Rhythm & Gangsta delivers what it promises: a fusion of smooth, soulful R&B with the harder-edged elements of gangsta rap. While not a hip-hop classic, it's easily Snoop's best album in a decade, with occasional flashes of gangstafied pop brilliance (such as "Ups and Downs," featuring the Bee Gees). From jump street, Snoop's staccato flow is on point, the tight production could make you forget about Dre, and the cavalcade of featured guests underscores the rapper-actor's A-list status. Sure, Snoop devotes several songs to reveling in his own celebrity, but he hasn't gone so far Hollywood that he's forgotten his Crip roots.
But while R&G completes Snoop's evolution from li'l ghetto boy to superfly mack daddy, it breaks little new ground. Sure, the Neptunes-produced single "Drop It Like It's Hot" is da bomb, loaded with booming 808 drums and guilty-pleasure lyrics. But we've heard it all before, right down to the boasts about expensive watches and champagne. Similarly, "Perfect" is basically a remake of last year's "Beautiful," while the self-referential tale Snoop relates on the gospel-tinged "I Love to Give You Light" follows the autobiographical formula of Jay-Z's "December 4." R&G's funkiest tune, "No Thang on Me," which features live instrumentation by the Snoopadelics, comes far too late in the game to make an impact amid the obligatory duets with 50 Cent and Nelly, the crunk track with Lil Jon and Trina, cameos by R&B OGs Charlie Wilson and Bootsy Collins, classic old-school hip-hop updates and, lest we forget, numerous bitch/ho anthems. The misogyny is so blatant at times, it can't be overlooked, which makes Snoop's romantic sentiments seem insincere.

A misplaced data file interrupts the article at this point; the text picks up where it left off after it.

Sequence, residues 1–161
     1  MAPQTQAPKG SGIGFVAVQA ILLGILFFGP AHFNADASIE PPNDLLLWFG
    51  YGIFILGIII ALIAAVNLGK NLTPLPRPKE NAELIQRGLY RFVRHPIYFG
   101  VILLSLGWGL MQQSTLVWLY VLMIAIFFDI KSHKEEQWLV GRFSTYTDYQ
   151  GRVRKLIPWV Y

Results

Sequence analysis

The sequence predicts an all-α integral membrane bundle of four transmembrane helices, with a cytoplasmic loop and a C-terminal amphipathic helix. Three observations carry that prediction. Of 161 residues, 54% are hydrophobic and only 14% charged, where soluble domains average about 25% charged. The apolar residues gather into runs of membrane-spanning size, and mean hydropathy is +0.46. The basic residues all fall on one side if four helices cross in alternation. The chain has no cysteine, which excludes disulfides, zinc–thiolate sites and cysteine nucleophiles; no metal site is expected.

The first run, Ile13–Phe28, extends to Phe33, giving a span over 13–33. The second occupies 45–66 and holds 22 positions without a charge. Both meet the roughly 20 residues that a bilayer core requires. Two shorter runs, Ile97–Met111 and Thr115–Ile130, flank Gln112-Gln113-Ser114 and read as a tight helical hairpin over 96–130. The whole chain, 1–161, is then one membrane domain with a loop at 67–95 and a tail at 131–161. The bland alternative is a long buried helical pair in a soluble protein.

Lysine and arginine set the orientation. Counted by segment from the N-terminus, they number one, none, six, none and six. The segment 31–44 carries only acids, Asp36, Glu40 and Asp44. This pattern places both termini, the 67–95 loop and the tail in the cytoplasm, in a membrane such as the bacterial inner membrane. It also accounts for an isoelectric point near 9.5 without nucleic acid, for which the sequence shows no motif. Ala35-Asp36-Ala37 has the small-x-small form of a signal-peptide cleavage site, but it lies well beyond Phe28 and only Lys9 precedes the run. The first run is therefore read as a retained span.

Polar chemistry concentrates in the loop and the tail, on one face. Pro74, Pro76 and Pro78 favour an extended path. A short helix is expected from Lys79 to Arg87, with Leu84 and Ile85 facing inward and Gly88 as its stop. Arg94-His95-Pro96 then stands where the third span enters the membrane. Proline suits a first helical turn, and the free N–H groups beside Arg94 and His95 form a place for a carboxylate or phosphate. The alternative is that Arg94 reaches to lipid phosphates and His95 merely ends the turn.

Few could blame the unfadeable Dogg for living the American Dream, yet in doing so he has turned into a paradox. No longer the outsider rebel of Doggystyle, the inner-city accoutrements Snoop surrounds himself with can't disguise the fact he has become an icon of capitalism, with his mind on his money and his money on his mind.
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